Implications for Parents, Services and Policy

Recognition and understanding of the impact of trauma during early childhood has grown over the past 15 years. However, a lack of empirical research and significant knowledge gaps of how to assess, diagnose, and treat traumatic stress responses during early childhood remain. Further research is needed to (a) determine the nature, frequency, and trajectories of PTSS and other psychological consequences across different stages (infants, toddlers, and preschoolers), trauma types and from underrepresented communities, (b) identify risk and protective factors and identify interactions that moderate or mediate PTSS over time, and (c) develop and validate age-appropriate and culturally sensitive psychological screening and assessment tools and interventions across stepped-care models.

Despite the knowledge gaps, implications for clinical practice and policy can be drawn from the current evidence base. Parents, health services, early childhood education settings and policy makers need to be aware that some (young) children are exposed to traumatic events, potentially on a regular basis. This can result in serious psychological, physical, and social consequences and can have short- and long-term implications and costs across the lifespan. Hospitals and early childcare centres are ideal settings to support child recovery following trauma. Investments are needed to support service and workforce development in early childhood mental health across the continuum of care - from universal mental health promotion, including screening and prevention, to intensive and specialized mental health care. However, any screening and intervention programme needs to be linked into a clinical service with the capacity to deliver appropriate, and developmentally sensitive care, when needed. Furthermore, it is crucial to focus on the parents’ mental health, as children’s recovery from stressful events occurs best in the context of healing relationships. Young children regulate affect within relationships through co-regulation and learn how to interpret and cope with events by watching how their caregiver reacts. It is therefore essential that evidence-based resources and services are available to support parental wellbeing following a child’s trauma, alongside services targeting children’s wellbeing.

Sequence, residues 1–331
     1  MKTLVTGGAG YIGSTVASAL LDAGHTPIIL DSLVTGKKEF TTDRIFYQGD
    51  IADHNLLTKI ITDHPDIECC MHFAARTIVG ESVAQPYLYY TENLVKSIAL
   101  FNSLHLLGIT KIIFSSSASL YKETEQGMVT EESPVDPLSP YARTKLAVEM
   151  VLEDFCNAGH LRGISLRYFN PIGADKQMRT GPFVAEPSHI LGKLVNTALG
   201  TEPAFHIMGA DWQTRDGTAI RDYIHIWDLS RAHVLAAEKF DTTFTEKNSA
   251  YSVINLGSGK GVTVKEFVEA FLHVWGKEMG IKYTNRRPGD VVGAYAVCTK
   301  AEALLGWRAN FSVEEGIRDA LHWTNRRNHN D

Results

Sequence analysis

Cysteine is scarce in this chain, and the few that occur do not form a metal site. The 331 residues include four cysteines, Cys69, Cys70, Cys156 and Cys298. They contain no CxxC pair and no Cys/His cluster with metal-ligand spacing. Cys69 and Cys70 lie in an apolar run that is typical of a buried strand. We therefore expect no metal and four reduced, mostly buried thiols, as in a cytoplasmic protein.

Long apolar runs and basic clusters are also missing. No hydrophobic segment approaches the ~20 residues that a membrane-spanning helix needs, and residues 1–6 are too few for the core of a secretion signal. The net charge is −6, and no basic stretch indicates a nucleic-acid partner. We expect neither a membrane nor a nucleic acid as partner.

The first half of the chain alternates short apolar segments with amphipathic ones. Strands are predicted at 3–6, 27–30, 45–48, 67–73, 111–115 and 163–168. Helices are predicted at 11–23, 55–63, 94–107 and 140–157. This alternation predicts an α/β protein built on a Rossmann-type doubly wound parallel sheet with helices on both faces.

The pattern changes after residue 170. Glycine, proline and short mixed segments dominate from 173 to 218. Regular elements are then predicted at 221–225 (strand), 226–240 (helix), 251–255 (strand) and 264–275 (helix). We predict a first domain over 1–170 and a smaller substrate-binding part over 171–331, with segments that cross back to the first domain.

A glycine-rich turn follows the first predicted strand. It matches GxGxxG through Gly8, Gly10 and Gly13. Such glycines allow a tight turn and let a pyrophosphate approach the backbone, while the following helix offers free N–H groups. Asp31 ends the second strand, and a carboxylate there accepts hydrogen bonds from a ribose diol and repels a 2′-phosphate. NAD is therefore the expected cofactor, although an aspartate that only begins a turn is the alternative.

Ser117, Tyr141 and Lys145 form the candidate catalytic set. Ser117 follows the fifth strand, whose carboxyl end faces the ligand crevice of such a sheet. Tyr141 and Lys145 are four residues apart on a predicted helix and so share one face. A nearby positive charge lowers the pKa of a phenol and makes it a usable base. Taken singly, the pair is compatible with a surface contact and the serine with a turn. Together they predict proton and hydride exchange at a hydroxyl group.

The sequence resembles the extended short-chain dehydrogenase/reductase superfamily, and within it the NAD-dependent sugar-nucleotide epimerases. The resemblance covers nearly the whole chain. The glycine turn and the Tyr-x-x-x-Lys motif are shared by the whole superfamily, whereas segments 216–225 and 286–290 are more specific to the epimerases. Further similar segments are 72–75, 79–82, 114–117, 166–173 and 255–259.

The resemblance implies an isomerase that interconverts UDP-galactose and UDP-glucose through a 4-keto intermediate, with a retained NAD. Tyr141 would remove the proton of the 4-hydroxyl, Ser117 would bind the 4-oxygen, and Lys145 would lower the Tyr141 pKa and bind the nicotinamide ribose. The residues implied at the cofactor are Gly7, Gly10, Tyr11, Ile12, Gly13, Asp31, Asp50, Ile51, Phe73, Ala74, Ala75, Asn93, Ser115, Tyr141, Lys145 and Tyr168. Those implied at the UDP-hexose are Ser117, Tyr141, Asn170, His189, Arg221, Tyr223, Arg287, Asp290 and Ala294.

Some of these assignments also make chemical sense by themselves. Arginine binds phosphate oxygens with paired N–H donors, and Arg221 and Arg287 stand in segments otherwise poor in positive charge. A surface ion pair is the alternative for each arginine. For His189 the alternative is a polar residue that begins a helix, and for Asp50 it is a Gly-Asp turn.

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How to cite this article:

Krijnen LJG, Kenardy J, De Young A. Posttraumatic Stress Disorder in Young Children. In: Tremblay RE, Boivin M, Peters RDeV, eds. Rapee RM, topic ed. Encyclopedia on Early Childhood Development [online]. https://www.child-encyclopedia.com/anxiety-and-depression/according-experts/posttraumatic-stress-disorder-young-children. Updated: December 2023. Accessed April 16, 2024.